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Brancusi and Romanian Folk Traditions

Overview

Brancusi's Romanian heritage is an important subject for those who study the sculptor. He was 28 years old in 1904 when he arrived in Paris, where he spent the rest of his life. He considered himself Romanian, he dressed like a Romanian peasant, and lived like one. (He was in fact a sophisticated intellectual.)

When he arrived in Paris, the avant-garde was searching for original sources of inspiration. For many, African art filled that role. Brancusi found African art a trigger ...

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Overview

Brancusi's Romanian heritage is an important subject for those who study the sculptor. He was 28 years old in 1904 when he arrived in Paris, where he spent the rest of his life. He considered himself Romanian, he dressed like a Romanian peasant, and lived like one. (He was in fact a sophisticated intellectual.)

When he arrived in Paris, the avant-garde was searching for original sources of inspiration. For many, African art filled that role. Brancusi found African art a trigger which released the reminiscences of his Romanian folk tradition. Brancusi used his heritage for formal and iconographical inspiration; however, his working method was inspired by the French avant-garde. Edith Balas shows that the pedestals and homemade furniture were for the artist as important an artistic product as his sculptures; he exchanged them occasionally. There are several new iconographical interpretations of sculptures previously not linked with the Romanian folklore.

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What People Are Saying

Athena Tacha (Spear)
“Edith Balas's book on Brancusi is not only essential to the understanding of his work within the context of Romanian folk art (visual and literary) but also has the unique distinction of emphasizing the importance of Brancusi's pedestals as wonderful and independent sculptures—a point of view that has been neglected by earlier Brancusi scholars.”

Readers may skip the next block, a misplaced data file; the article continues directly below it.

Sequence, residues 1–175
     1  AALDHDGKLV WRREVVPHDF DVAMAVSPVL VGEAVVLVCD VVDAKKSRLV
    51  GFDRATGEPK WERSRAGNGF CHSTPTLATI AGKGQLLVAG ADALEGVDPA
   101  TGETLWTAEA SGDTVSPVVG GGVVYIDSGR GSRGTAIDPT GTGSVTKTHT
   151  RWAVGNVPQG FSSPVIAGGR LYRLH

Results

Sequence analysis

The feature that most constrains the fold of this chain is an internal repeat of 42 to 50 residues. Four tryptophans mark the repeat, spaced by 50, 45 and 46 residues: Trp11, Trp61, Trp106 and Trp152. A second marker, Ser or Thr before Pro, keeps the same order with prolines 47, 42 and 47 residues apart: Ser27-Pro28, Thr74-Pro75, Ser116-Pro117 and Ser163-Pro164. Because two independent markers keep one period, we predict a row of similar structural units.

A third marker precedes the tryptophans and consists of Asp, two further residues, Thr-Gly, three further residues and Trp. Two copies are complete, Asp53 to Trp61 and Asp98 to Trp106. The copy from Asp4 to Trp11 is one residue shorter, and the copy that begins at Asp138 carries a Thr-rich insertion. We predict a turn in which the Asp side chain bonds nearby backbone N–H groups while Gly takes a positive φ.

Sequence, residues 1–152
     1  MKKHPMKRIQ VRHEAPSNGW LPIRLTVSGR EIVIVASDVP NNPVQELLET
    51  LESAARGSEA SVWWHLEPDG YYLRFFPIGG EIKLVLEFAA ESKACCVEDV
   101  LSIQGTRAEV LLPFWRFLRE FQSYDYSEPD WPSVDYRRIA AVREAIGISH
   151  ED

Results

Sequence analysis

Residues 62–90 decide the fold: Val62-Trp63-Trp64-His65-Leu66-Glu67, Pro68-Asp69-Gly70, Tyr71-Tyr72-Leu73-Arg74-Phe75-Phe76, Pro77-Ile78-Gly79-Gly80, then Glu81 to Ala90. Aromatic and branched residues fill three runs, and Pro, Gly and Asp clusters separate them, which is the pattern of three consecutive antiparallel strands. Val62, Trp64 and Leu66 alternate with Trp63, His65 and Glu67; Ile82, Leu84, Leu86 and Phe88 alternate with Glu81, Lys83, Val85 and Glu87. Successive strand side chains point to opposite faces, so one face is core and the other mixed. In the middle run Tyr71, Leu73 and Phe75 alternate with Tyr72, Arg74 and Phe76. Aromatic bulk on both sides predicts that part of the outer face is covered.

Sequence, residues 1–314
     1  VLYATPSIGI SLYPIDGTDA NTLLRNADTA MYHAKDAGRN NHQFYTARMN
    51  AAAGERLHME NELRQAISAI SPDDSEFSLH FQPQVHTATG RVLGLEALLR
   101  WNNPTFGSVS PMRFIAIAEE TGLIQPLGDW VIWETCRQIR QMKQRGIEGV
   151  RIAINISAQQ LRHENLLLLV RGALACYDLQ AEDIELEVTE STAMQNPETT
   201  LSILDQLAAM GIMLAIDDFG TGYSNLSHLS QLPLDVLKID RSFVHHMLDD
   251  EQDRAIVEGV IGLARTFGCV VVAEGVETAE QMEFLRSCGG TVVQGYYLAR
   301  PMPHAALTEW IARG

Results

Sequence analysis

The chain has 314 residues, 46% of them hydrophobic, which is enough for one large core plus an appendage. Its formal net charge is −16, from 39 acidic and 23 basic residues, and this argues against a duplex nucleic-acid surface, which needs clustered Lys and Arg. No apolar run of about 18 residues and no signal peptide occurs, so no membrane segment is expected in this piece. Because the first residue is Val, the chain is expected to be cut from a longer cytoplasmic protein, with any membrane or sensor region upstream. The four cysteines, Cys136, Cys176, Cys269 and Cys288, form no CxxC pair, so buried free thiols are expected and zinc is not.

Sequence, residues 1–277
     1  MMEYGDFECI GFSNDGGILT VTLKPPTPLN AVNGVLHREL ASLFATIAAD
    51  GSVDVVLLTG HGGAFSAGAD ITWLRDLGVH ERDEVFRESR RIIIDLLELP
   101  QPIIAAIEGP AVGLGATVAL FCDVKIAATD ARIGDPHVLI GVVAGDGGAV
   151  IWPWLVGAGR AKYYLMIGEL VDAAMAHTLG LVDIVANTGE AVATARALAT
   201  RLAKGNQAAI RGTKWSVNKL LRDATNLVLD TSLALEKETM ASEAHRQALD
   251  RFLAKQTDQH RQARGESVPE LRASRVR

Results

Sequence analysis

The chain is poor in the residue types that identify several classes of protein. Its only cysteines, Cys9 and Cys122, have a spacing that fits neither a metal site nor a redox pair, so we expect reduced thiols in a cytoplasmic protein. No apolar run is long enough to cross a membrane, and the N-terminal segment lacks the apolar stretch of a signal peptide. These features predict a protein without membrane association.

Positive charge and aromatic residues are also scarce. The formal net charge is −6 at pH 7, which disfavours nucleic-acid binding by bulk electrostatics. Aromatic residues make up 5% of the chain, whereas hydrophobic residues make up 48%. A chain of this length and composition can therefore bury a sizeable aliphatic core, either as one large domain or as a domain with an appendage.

David Lewis
“Her scholarly book on the influence of the traditional Romanian heritage on Constantin Brancusi is not only basic to an understanding of his work but has confronted art historians with a model based on a profoundly different methodology, i.e., an examination of local context and heritage.”
David Lewis
“Her scholarly book on the influence of the traditional Romanian heritage on Constantin Brancusi is not only basic to an understanding of his work but has confronted art historians with a model based on a profoundly different methodology, i.e., an examination of local context and heritage.”
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Product Details

  • ISBN-13: 9780887484599
  • Publisher: Carnegie-Mellon University Press
  • Publication date: 1/1/2006
  • Series: Art/Criticism Ser.
  • Edition number: 2
  • Pages: 144
  • Product dimensions: 9.00 (w) x 11.00 (h) x 0.62 (d)

Meet the Author

EDITH BALAS has been Professor of Art History at Carnegie Mellon University for the past twenty-eight years, as well as Research Associate at the University of Pittsburgh. In addition to more than twenty articles in American and European journals, her publications include Brancusi and the Romanian Folk Tradition (East European Monographs, 1987; also available in Romanian translation), Michelangelo's Medici Chapel: A New Interpretation (American Philosophical Society, 1995), Joseph Csáky, a Pioneer of Modern Sculpture (American Philosophical Society, 1998), The Holocaust in the Painting of Valentin Lustig (Carnegie Mellon University Press, 2002), The Mother Goddess in Italian Renaissance Art (Carnegie Mellon University Press, 2002), The Early Work of Henry Koerner (Frick Art & Historical Center, 2003), and Brâncu i és Brancusi (with Passuth Krisztina, Noran, Budapest, 2005). Dr. Balas has curated a number of exhibitions at the University of Pittsburgh, Carnegie Mellon University, Duquesne University, the Frick Art & Historical Center, the Institut Hongrois de Paris, and the Ernst Muzeum Budapest.

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Table of Contents

List of Figures
Acknowledgments
Preface to the Second Edition
Foreword: Recollections of Brancusi by Isamu Noguchi
Introduction
Chapter I: Brancusi and Romania
Chapter II: Brancusi as Artisan
Chapter III: Brancusi and the Forms of Romanian Art
Chapter IV: Brancusi and Romanian Folklore
Selected Bibliography
Appendix I: The Romanian Folktales of the Maiastra Bird
Appendix II: Where Did the Swan Come From?
Appendix III: The Swan Maiden, The Bird of Heaven and The Crown of Paradise
Appendix IV: The Little Purse with Two Pennies
Index

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